BALTIMORE -- A dilapidated former train station that was the scene of the first deaths of the Civil War will be partially rehabilitated, thanks to some public and private money.
The President Street station was where a bloody riot took place 129 years ago when Northern troops arrived in Baltimore and clashed with a pro-Southern crowd.
Nine civilians and three soldiers died in the fighting.
After decades of neglect, the depot is nothing more than a shell of a building, overgrown by weeds.
Although experts said the station would qualify for inclusion on the National Register of Historic Places, no one has ever applied for the designation.
The station stands at the edge of a planned $350 million development called Inner Harbor East.
The city has prevailed upon the developer of that project John Paterakis, and his partner, Gilbane Properties Inc. of Providence, R.I., to add $95,000 to a $50,000 grant from the Maryland Historic Trust.
The money will be used to put a new roof on the depot and to stabilize its exterior walls.
Officials at Center City Development, which is overseeing the Inner Harbor East project for the city, acknowledge that the money is half of what is needed to make the building safe for occupation and only a fraction of what it would take to restore it to its original condition.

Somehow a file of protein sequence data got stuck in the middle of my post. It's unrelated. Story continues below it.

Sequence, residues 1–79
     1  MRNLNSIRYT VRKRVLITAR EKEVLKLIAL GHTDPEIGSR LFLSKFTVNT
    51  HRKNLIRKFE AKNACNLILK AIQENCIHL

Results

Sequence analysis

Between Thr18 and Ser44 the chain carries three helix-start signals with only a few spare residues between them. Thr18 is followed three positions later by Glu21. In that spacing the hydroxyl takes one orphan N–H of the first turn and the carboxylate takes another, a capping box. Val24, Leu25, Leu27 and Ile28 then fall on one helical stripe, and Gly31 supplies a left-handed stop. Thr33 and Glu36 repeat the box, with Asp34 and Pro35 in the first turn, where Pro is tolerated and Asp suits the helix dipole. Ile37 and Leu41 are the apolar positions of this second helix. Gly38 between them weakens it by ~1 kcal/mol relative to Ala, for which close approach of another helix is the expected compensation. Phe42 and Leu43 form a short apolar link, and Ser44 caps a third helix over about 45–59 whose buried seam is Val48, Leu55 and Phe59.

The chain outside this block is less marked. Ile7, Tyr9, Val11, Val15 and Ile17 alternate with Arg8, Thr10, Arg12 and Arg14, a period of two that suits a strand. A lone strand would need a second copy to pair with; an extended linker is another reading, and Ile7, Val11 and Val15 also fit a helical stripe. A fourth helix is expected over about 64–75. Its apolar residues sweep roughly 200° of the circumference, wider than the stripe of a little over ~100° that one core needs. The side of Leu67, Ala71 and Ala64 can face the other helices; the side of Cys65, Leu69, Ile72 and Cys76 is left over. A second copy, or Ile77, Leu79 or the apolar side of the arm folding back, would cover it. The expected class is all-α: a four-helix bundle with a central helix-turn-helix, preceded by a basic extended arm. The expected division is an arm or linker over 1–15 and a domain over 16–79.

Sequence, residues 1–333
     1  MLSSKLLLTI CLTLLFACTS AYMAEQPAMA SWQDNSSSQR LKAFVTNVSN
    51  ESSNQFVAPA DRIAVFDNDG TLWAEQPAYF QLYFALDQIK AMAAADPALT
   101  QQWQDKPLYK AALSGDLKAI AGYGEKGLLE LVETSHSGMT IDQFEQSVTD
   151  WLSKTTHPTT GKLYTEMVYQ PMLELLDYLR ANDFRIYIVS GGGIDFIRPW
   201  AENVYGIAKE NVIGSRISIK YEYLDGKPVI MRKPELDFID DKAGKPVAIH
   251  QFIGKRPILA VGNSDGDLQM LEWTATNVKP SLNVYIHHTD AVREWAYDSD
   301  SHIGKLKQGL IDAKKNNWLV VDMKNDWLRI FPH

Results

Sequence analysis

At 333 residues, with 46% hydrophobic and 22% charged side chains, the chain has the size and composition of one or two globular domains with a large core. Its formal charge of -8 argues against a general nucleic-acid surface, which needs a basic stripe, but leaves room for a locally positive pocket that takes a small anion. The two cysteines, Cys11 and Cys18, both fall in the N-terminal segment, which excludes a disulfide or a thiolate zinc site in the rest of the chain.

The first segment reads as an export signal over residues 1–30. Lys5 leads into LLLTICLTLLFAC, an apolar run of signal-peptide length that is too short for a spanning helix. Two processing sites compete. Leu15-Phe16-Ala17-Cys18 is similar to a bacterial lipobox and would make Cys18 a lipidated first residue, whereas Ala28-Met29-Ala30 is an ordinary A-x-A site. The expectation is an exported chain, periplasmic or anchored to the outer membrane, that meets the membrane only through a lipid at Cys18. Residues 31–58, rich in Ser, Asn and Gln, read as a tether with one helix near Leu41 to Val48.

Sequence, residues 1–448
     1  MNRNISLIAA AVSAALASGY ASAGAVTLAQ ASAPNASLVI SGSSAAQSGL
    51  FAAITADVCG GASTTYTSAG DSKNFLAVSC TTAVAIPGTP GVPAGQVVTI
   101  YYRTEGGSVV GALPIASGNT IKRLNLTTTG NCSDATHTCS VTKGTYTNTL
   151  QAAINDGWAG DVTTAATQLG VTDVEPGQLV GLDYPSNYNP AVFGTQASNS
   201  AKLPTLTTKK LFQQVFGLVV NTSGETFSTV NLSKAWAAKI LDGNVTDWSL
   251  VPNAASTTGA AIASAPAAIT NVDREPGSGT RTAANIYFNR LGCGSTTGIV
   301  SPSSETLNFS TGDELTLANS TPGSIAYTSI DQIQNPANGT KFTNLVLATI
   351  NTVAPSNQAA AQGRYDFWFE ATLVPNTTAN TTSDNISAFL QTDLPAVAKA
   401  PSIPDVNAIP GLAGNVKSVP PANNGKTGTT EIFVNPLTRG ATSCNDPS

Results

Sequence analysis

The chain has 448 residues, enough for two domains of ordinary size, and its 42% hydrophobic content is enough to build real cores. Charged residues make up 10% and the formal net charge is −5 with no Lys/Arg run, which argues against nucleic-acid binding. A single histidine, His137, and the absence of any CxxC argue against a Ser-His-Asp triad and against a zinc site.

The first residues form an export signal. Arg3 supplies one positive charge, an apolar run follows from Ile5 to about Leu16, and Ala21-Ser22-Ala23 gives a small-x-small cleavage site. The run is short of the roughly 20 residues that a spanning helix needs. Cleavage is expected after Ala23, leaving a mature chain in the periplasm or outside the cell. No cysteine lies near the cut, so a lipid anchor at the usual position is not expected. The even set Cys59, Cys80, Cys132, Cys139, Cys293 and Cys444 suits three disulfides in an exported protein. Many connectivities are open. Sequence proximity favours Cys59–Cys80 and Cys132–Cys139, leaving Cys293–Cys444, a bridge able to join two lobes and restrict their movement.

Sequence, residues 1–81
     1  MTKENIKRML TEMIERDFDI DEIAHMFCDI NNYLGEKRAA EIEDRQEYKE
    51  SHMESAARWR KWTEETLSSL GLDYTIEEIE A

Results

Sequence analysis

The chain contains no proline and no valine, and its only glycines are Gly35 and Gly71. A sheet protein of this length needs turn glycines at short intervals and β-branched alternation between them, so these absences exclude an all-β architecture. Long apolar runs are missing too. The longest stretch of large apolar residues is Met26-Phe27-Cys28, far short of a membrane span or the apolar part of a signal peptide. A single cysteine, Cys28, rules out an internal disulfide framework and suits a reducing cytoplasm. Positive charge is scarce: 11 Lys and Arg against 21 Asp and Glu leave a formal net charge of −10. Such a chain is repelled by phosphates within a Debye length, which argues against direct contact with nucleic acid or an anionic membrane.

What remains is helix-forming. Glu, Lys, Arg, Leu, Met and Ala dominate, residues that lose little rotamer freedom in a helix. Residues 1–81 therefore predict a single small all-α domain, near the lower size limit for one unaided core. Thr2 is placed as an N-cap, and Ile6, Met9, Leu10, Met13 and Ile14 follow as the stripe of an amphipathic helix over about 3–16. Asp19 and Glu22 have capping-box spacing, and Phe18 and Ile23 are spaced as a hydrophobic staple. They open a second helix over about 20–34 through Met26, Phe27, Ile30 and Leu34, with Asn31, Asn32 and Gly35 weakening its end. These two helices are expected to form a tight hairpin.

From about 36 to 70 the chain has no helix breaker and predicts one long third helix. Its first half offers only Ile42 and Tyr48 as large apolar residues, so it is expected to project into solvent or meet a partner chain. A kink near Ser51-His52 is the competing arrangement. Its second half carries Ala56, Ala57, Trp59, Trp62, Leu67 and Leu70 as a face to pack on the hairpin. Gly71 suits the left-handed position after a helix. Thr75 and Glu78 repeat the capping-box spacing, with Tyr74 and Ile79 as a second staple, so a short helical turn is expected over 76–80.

The money is merely intended to make sure the building survives, they said.
"To do more than that isn't economically feasible for the city," said Leslie Howard, a development officer with Center City. "It's been hard enough to find seed money to get started."
Civil War and railroad enthusiasts would like to see a full restoration that would transform the depot into a museum, one that would retell the story of the riots and their ramifications for the city.
Soon after the fighting, Abraham Lincoln, fearful that Baltimore's sympathies would give the Confederacy a toehold north of Washington, sent federal troops into the city. The soldiers placed Baltimore under martial law, which was not lifted until the end of the war.
The riot, in which Northern troops fired on a pro-Southern crowd, also inspired a Baltimore native named James Ryder Randall, then teaching in New Orleans, to write an anti-Union song.
The words called on Marylanders to "avenge the patriotic gore that flecked the streets of Baltimore."
Called "Maryland, My Maryland," it became the state song.